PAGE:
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Ukraine’s parliament retaliates against Polish Senate resolution on genocide

July 11, 2016, 18:52 UTC+3 KIEV

Deputy head of the Rada foreign affairs committee Boris Tarasyuk has branded the Polish Senate’s resolution as anti-Ukrainian

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KIEV, July 11. /TASS/. The Verkhovna Rada, Ukraine’s parliament, is drafting a response to a resolution passed by the Polish Senate, recognizing as genocide the mass killings of Poles by Ukrainian nationalists during World War Two, deputy head of the Rada foreign affairs committee and Batkivshchyna party member, Boris Tarasyuk announced Monday.

"We expect the Polish Sejm to officially mark July 11 as a national day of mourning dedicated to the victims of genocide carried out by Ukrainian ultranationalists. Regarding this matter, we are submitting a proposal this week to the Verkhovna Rada to approve a retaliatory statement," Tarasyuk declared at a session of the parliament’s Conciliation Board.

In response, the lawmaker branded the Polish Senate’s resolution as anti-Ukrainian.

"By approving the first-ever resolution dedicated to the victims of the Volhynia atrocity, the Polish parliament has crossed the boundaries of this tragedy," he said.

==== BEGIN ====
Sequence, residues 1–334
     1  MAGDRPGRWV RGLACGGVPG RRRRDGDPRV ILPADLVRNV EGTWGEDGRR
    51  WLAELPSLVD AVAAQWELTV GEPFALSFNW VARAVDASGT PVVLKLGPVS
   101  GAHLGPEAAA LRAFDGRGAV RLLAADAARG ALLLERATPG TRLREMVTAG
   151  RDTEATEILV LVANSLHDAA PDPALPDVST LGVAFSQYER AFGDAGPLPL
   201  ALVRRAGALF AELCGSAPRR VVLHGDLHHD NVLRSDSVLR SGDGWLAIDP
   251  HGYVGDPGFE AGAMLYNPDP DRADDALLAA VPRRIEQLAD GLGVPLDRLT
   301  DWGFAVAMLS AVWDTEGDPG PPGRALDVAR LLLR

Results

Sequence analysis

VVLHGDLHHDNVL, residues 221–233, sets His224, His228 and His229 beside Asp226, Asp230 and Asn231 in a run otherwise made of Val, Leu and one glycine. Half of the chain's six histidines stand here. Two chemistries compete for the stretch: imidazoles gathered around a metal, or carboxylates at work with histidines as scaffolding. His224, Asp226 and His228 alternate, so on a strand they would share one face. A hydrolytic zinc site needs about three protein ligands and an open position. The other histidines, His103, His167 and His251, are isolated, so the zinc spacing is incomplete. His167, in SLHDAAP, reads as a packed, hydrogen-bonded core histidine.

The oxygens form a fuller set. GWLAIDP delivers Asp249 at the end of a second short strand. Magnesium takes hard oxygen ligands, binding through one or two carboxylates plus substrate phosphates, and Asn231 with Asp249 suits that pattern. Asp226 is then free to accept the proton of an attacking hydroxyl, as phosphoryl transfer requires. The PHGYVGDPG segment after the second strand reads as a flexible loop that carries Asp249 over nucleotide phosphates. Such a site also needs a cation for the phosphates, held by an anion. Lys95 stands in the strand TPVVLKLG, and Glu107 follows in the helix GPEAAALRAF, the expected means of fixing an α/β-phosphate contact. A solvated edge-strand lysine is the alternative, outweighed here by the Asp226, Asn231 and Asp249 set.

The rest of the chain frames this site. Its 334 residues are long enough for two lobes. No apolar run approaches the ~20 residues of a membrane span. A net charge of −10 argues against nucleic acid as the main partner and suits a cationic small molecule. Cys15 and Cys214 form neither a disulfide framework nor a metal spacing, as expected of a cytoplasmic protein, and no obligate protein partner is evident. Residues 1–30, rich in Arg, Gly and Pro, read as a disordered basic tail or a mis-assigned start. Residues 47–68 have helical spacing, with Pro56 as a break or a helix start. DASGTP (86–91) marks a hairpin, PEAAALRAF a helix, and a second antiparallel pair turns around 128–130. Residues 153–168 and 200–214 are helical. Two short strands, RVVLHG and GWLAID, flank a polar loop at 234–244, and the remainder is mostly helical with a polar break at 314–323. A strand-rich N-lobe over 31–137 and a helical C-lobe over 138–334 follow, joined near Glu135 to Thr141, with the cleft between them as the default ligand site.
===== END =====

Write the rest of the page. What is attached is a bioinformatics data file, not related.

In the meantime, Rada Speaker Andrey Parubiy said that a special meeting should be convened to coordinate both the president’s and the parliament’s positions.

On Friday, the Polish Senate passed a resolution, urging the Sejm, the country’s lower house, to recognize the genocide of Poles committed by Ukrainian ultranationalists during World War Two.

The Senate urged the Sejm to declare July 11 a national day of mourning for the victims of genocide committed by Ukrainian nationalists against the citizens of the interwar Second Polish Republic (Polish: Druga Rzeczpospolita).

On the same day, while on an official trip to Warsaw, Ukrainian President Poroshenko visited the landmark memorial to the massacre of Poles and paid tribute to their memory.

On Monday, Polish President Andrzej Duda said the relations between Warsaw and Kiev should be based on the historical truth about the crimes committed in Volhynia by the Organization of Ukrainian Nationalists (the OUN), an ultra-right political party which operated predominantly in Western Ukraine during WWII, and the Ukrainian Insurgent Army (the UPA), established by the OUN.

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